It's only rational that investors in a private company want a stepup when the company goes public. Indeed, anti-dilution provisions typically are attached to the preferred shares that are issued in venture rounds. But most of the time, these provisions are addressed before a company files its S-1, as the company and investors agree on a fixed ratio at which preferred shares convert into common stock. This makes it easy to figure out both how a company will be valued at its IPO and how investors will be diluted, because the only unknown variable is the price.
Things are not so simple with Sunesis' IPO, because there are two unknowns: the price and the number of shares that will be outstanding, which will vary depending on the price. Currently, the company has 40 million shares outstanding, but it plans to undertake a reverse split before the IPO, although the split ratio won't be determined until the IPO price is set.
According to the S-1, if Sunesis goes out with a pre-money valuation of at least $237 million, its series B, C, C-1 and C2 shares will convert into common on a one-to-one basis. A pre-money valuation from $160-$237 million will yield "additional" common shares for each series C, C-1 and C-2 share held, while a valuation below $160 million will trigger the issuance of "additional" common shares to all the C and B holders.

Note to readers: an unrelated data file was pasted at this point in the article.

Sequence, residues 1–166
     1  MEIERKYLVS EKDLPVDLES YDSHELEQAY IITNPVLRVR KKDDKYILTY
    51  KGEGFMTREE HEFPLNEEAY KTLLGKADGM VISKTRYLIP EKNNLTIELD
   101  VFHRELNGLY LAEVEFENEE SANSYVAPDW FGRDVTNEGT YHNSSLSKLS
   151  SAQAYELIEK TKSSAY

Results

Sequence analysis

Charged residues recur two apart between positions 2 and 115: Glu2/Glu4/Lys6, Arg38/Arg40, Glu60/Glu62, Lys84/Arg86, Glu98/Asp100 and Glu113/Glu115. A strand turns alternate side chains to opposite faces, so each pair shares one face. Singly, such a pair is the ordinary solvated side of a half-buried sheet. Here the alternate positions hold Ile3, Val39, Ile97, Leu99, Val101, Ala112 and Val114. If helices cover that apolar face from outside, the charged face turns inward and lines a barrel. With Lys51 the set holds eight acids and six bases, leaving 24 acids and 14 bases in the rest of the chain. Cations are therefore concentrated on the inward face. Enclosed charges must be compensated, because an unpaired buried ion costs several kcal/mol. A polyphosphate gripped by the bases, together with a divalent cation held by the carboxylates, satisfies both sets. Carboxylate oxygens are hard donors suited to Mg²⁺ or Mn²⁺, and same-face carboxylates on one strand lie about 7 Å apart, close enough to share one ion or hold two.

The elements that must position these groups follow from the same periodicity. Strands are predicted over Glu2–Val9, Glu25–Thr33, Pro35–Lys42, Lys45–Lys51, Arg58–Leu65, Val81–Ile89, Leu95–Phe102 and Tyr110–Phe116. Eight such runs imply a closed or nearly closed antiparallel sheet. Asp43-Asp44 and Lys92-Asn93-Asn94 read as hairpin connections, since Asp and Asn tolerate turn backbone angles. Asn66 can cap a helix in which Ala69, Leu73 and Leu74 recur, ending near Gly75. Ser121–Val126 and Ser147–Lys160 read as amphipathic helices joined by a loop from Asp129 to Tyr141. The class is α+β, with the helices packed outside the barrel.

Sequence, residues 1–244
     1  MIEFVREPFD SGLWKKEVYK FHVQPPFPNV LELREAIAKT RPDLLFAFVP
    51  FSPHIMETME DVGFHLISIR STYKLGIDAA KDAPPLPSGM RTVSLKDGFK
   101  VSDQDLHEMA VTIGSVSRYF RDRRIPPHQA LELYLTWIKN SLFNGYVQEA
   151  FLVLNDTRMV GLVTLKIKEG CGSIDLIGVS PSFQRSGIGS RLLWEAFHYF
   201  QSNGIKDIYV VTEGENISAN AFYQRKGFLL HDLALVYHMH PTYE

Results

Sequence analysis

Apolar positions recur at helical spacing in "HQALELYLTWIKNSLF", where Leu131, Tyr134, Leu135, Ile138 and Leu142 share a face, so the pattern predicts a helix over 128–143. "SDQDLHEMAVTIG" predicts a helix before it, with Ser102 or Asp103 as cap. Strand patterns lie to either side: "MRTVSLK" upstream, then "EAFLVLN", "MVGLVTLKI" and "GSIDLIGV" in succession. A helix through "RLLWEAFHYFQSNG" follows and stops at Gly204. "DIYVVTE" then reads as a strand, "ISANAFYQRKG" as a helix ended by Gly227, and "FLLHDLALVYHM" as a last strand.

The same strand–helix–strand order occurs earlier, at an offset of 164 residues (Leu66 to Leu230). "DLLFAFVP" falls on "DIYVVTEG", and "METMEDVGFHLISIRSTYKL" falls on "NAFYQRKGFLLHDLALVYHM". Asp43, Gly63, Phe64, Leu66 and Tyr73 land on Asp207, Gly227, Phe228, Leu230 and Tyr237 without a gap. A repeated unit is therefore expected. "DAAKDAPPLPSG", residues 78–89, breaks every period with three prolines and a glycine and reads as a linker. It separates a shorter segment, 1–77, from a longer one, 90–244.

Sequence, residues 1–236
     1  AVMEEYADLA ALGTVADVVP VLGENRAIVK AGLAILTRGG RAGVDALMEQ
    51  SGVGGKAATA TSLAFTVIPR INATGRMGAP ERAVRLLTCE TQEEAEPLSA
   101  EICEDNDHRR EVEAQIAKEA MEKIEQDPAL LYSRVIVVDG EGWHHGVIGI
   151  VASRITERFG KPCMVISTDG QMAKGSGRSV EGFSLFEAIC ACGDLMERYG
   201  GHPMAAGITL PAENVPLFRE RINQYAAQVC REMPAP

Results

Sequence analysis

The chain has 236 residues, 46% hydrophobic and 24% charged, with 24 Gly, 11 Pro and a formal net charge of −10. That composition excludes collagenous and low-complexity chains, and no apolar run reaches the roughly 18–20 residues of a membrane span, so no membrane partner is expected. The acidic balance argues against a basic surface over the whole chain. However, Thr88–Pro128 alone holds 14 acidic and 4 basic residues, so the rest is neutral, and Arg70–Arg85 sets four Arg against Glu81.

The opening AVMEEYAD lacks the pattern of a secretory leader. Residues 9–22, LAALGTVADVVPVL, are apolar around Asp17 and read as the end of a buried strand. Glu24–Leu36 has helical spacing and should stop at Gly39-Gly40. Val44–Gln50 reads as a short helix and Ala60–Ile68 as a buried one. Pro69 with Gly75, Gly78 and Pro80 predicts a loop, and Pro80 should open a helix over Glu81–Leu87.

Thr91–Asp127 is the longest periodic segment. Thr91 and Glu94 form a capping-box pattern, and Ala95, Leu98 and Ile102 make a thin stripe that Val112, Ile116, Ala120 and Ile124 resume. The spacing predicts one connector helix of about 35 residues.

"Additional" is not defined in the S-1. Right now, it's anybody's guess as to the valuation. Sunesis' filing says the company has "not yet completed the process of valuing" itself.
Investors in Sunesis' July 2000 C round included CSFB Private Equity; International Biotechnology Trust; Lombard Odier; Warburg Pincus; Mayfield Fund; Venrock; and Abingworth. B round investors were Warburg Pincus; International Biomedicine; New Medical Technologies; Mayfield; Venrock; Abingworth; and Skyline.
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